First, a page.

Debates continue to heat up as three companies are trying to obtain hundreds of miles of land to install carbon pipelines.

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Much of the debate is over how the pipelines are gaining access to all this land, and whether or not using eminent domain is the best way to get this land procured. However, one company, Navigator CO2 Ventures, is turning to the courts.

An article in Iowa Capital Dispatch says that in August, Navigator CO2 Ventures sued four sets of landowners to gain access to their properties in order to survey it. The company had petitions filed for injunctive relief, landowners in  and Woodbury counties stating they repeatedly refused to grant access to their land and threatened land agents.

The land agents were doing land surveys to help determine the path of the pipeline.

According to Iowa Capital Dispatch, threats included one landowner’s spouse yelling “Get off my land before I let the dog go,” and another landowner “nearly ran over” an agent.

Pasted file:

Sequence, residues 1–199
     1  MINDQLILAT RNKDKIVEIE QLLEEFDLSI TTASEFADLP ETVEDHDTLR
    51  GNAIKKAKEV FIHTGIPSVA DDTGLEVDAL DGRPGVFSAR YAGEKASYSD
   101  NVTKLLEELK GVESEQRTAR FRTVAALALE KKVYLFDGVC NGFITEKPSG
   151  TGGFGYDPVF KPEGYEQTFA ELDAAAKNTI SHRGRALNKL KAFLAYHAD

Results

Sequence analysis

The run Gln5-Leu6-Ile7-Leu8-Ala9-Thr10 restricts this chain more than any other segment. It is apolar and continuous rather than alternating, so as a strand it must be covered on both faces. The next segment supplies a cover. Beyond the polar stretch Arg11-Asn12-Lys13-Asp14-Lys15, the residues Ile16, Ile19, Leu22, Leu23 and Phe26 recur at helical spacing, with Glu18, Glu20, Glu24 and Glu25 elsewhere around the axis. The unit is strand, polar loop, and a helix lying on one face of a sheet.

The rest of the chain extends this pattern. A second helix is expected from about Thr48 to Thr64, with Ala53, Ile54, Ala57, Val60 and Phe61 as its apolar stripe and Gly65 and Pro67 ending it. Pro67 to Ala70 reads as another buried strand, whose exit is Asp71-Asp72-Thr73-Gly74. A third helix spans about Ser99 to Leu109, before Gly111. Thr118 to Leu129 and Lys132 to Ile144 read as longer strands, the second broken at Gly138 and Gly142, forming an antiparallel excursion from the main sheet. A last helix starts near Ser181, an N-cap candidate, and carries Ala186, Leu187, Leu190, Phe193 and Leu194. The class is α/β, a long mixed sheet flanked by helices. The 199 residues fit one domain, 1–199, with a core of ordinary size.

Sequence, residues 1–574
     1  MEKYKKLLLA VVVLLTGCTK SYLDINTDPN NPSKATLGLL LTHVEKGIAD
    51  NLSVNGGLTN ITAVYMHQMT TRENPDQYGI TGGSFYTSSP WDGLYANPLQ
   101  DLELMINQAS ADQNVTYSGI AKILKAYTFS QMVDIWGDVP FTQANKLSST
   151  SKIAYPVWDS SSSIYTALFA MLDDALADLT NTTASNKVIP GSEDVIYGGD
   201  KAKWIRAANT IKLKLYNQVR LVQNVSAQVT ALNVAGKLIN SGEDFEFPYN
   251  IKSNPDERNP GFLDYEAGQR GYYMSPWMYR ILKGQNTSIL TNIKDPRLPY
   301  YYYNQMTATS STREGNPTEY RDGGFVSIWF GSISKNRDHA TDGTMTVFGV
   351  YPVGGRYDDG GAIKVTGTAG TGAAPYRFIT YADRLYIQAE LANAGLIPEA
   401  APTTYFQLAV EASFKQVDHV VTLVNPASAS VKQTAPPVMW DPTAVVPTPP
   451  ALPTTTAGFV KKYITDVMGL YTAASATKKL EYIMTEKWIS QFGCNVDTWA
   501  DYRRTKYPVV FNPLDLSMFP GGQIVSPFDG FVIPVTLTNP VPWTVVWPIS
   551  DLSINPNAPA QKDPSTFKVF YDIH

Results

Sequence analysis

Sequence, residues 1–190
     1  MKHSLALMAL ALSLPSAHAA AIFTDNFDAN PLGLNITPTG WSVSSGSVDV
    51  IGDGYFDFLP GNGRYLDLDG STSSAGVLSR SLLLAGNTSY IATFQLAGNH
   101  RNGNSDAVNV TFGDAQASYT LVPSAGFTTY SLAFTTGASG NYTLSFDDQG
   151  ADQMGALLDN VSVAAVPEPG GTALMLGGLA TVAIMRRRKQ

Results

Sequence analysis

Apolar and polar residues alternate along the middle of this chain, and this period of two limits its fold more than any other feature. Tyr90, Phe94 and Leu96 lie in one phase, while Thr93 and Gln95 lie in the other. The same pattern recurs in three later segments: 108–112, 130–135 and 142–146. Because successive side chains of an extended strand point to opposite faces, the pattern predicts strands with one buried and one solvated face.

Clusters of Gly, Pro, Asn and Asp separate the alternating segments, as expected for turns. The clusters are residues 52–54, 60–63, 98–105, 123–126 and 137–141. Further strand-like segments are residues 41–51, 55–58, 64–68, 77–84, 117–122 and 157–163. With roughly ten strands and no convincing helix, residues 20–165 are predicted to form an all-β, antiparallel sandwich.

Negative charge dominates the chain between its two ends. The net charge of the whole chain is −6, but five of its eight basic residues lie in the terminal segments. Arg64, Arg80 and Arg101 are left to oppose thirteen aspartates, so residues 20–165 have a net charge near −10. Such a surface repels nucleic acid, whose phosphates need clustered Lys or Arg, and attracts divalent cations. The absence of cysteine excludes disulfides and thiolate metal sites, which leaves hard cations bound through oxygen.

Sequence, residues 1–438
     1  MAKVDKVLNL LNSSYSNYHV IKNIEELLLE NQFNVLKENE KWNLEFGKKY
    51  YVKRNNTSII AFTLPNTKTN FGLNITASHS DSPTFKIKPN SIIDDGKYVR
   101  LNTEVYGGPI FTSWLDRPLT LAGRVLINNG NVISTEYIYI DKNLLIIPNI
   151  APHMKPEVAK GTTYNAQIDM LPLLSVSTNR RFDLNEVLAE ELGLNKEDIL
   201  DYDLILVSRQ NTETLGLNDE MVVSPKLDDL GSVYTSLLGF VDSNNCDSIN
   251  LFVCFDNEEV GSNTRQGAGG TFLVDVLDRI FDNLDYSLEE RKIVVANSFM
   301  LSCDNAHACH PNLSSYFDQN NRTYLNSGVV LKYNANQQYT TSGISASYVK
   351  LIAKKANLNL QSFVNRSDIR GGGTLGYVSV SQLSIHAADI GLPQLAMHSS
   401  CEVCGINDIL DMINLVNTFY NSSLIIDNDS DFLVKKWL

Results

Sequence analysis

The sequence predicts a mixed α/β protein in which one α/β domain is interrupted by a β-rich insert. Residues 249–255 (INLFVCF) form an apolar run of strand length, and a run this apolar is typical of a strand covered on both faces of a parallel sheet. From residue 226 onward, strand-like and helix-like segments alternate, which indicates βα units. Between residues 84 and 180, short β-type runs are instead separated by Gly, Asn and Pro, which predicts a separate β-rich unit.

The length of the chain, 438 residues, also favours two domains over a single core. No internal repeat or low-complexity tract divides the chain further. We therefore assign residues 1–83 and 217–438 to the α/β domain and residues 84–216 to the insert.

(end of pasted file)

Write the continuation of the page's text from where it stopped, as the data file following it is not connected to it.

In the petition, Navigator cited Iowa law stating;

A pipeline company may enter upon private land for the purpose of surveying and examining the land to determine direction or depth of a pipeline by giving ten days' written notice by restricted certified mail to the landowner and to any person residing on or in possession of the land.


The entry for land surveys authorized in this section is not a trespass and may be aided by injunction.

By filing these petitions, Navigator is hoping to prevent landowners from interfering with land surveys.

The petitions were filed against Dennis Hart in Butler County, R.V. Hassman L.P. in Butler County, William and Vicki Hulse in Woodbury County, and Martin Koenig in Clay County.

Iowa isn't the only place seeing these lawsuits.

Summit Carbon Solutions has started suing landowners that have also refused to allow land surveyors onto their land in North and South Dakota.

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